India alone has over 350 million people living below the poverty line. In India, as elsewhere in developing countries, most of the poor live in rural areas and depend on agriculture for their livelihoods (World Bank, 2002). In general, poor rural households are characterized by small farms, low levels of education, lack of liquidity, modest use of agricultural inputs, low opportunity cost of labor, and limited access to markets. Agricultural development will need to be part of any development solution to both poverty and environmental sustainability, both because of its direct impact on incomes, but also because of indirect effects in rural areas on demand for local items produced by the poor.
Because high-value agricultural commodities are the only part of developing country agriculture growing faster than 1 percent per capita per annum (meat and fish demand have grown at about 3.7 percent per annum per capita over the last 20 years), there is in an average sense not much future for smallholder agriculture if smallholders cannot participate in livestock and fishery activities.
Furthermore, small farmers often have some cost advantages in producing high-value meat, egg, and milk commodities relative to large-scale producers (Delgado and Minot, 2003):
Small farmers have a lower opportunity cost of labor, implying that the implicit wage rate for family labor is generally below the prevailing wage rate for agricultural labor in low-income countries.
The family labor used by small farmers is more motivated and requires less monitoring than hired labor used by large-scale farms, so that small farms are better able to apply careful husbandry and respond to problems in the field.
Small farms usually grow a mix of crops, livestock and fish (depending on location) and a dispersed pattern of production impede the transmission of animal or crop-specific pests and diseases compared to large-scale production.
Small livestock producers may face lower waste-disposal costs (or generate lower environmental costs) if production is dispersed enough to allow natural absorption.
On the other hand, rising market share in developing countries for larger-scale producers of pork, eggs, and poultry meat (Delgado and Narrod, 2002) suggest that other factors may be prevailing in determining who in developing countries is able to capture the fast expanding market:
Small farmers may not have the technical skills needed to produce these commodities. Even if they are familiar with producing chickens or vegetables for home consumption, the production techniques may be different for commercial production.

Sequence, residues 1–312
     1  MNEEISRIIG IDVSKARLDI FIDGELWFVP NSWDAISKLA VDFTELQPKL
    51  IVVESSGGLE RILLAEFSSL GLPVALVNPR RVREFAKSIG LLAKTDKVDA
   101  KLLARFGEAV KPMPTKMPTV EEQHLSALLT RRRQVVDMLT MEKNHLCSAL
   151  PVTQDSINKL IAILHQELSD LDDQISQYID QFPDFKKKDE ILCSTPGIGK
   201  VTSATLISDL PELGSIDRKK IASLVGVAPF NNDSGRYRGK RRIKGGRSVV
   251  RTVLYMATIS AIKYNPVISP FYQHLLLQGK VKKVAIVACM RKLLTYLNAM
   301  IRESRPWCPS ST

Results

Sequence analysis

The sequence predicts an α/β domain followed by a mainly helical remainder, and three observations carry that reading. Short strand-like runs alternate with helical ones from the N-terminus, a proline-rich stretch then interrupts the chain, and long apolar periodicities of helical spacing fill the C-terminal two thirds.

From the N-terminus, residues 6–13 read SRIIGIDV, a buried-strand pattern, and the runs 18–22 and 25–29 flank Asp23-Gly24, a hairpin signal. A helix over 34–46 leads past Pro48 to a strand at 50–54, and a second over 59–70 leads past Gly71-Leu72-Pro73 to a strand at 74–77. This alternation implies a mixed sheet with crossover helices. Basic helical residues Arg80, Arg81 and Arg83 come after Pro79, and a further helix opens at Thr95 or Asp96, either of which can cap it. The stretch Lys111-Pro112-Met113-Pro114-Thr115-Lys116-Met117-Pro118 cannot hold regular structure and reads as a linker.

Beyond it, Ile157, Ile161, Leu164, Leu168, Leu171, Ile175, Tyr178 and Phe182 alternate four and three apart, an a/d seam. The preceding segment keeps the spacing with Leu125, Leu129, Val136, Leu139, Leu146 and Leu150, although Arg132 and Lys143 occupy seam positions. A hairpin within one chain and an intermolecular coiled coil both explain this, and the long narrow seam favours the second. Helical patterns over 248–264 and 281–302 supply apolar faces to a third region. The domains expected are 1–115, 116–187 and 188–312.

Lack of credit or liquidity makes it difficult to purchase specialized agricultural inputs or to make investments needed to produce these commodities.
Small farmers are less able to bear the risk associated with producing highly perishable commodities. Not only do perishable commodities experience greater price fluctuations and risk of spoilage, but also once the commodity is ready for sale, perishability puts the farmer in a weak bargaining position relative to the buyer.
Small farmers frequently do not have access to information about market demand needed to make production decisions. The problem is not just lack of price information, but also lack of information about the relationship between price and product characteristics such as color, size, shape, texture, fat content, freshness and so on.
Buyers may not have access to information about the quality of output from specific smallholder farms, which makes them less willing to purchase from any smallholders at any given price level, compared to buying from a well-identified large-scale provider.
Larger farms may be more able to secure policy subsidies such as subsidized credit or better infrastructure, as compared to smallholders.
Larger farms may be relatively more able to get away with creating negative externalities through pollution than smallholders.
All of these issues are empirical in nature, generally not comprehensively investigated to date, require different policy responses depending on which forces are more important in driving scaling-up, and are important in promoting poverty reduction and environmental sustainability.